Song of the Volga Boatman, sung by Rhys Tudor

This recording of the Russian folk song, Song of the Volga Boatmen, was distributed by the New Leader newspaper. The New Leader was associated with the Independent Labour Party, a grouping on the left of the main party. Seen as the music of the people, interest in folk music had long been widespread on the left. This recording is an example of the left’s interest both in folk music, and in newly-communist Russia.

United Front Song, performed by the 'Daily Worker' Choir and Accordion

This recording of the Popular Front song was made by the Daily Worker Choir and Accordion and distributed by the Daily Worker. The Daily Worker (founded in 1930) was the house newspaper of the Communist Party. The song was originally written in German by the noted dramatist Bertolt Brecht but was translated for use in other countries. Calls for a United Front or Popular Front between Communists and other leftists were first taken seriously by the Communists in 1934. Until this point, Communist parties around the World had been instructed by the Communist International to regard other leftists as Social Fascists.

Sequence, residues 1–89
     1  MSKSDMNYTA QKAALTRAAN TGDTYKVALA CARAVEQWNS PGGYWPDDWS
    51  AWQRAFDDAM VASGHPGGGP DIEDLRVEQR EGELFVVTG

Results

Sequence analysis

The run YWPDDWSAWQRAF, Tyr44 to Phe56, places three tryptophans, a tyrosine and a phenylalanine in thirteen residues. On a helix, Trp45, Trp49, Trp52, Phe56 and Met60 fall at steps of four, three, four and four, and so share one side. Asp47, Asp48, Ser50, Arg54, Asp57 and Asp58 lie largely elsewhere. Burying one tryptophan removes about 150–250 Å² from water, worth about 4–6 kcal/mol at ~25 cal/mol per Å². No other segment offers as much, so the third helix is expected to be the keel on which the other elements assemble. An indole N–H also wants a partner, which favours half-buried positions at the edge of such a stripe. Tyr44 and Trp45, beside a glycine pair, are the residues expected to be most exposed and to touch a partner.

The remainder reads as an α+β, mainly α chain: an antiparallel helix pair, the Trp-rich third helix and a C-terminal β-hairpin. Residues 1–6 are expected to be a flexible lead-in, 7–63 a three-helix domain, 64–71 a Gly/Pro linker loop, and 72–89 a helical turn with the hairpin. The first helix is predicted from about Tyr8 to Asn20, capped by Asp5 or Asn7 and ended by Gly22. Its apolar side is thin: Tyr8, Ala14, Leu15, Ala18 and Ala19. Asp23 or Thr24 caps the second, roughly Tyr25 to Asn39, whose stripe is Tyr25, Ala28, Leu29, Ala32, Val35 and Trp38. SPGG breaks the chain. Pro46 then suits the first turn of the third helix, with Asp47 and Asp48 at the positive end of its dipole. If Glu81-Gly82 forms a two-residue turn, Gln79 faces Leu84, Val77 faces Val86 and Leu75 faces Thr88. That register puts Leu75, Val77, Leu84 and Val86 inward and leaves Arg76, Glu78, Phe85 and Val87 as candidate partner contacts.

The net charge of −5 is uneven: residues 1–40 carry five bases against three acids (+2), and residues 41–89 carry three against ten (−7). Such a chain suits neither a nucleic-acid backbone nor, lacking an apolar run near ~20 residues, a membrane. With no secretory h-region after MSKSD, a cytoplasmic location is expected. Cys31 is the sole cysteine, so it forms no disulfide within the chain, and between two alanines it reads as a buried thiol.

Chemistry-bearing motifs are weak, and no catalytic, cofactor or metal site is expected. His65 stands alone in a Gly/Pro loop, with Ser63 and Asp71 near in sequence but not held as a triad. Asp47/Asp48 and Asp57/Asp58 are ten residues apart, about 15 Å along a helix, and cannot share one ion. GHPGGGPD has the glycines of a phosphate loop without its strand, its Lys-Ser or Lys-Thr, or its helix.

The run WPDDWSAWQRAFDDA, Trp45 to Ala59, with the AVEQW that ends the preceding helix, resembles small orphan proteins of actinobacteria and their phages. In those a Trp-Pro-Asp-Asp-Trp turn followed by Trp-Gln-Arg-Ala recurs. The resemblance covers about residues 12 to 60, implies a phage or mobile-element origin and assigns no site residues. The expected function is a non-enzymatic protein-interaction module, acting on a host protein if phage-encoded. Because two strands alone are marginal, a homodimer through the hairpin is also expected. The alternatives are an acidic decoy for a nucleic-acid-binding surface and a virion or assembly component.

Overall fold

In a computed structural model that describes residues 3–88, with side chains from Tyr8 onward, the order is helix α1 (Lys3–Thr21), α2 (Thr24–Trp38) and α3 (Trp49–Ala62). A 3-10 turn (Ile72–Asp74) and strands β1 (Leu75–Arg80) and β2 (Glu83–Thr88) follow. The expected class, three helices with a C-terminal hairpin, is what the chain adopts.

The Internationale, sung by Rufus John

The Internationale is foremost among the anthems of the World-wide Socialist, Communist, Social Democratic, and Anarchist movements. The original, French-language, version of the song was written by a Paris communard, Eugène Pottier, in 1871, with the music added by Pierre de Geyter in 1888. The lyrics have since been translated into most major World languages, including the English version used here. The song, with its combative tone and march-style music, is widely-used by leftists, and is traditionally sung with a clenched fist raised in the air.

The Red Flag, sung by Rufus John

Sung to the traditional German tune O Tannenbaum, The Red Flag is the anthem of the British Labour Party, and is used to close the party’s annual conference. The lyrics were written by the Irish Socialist Jim Connell (1852-1929) on a train between Charing Cross and his home in Lewisham. They speak of the universality of the Socialist message and the importance of keeping faith with those who have suffered for the movement.

Red Army March, sung by Rufus John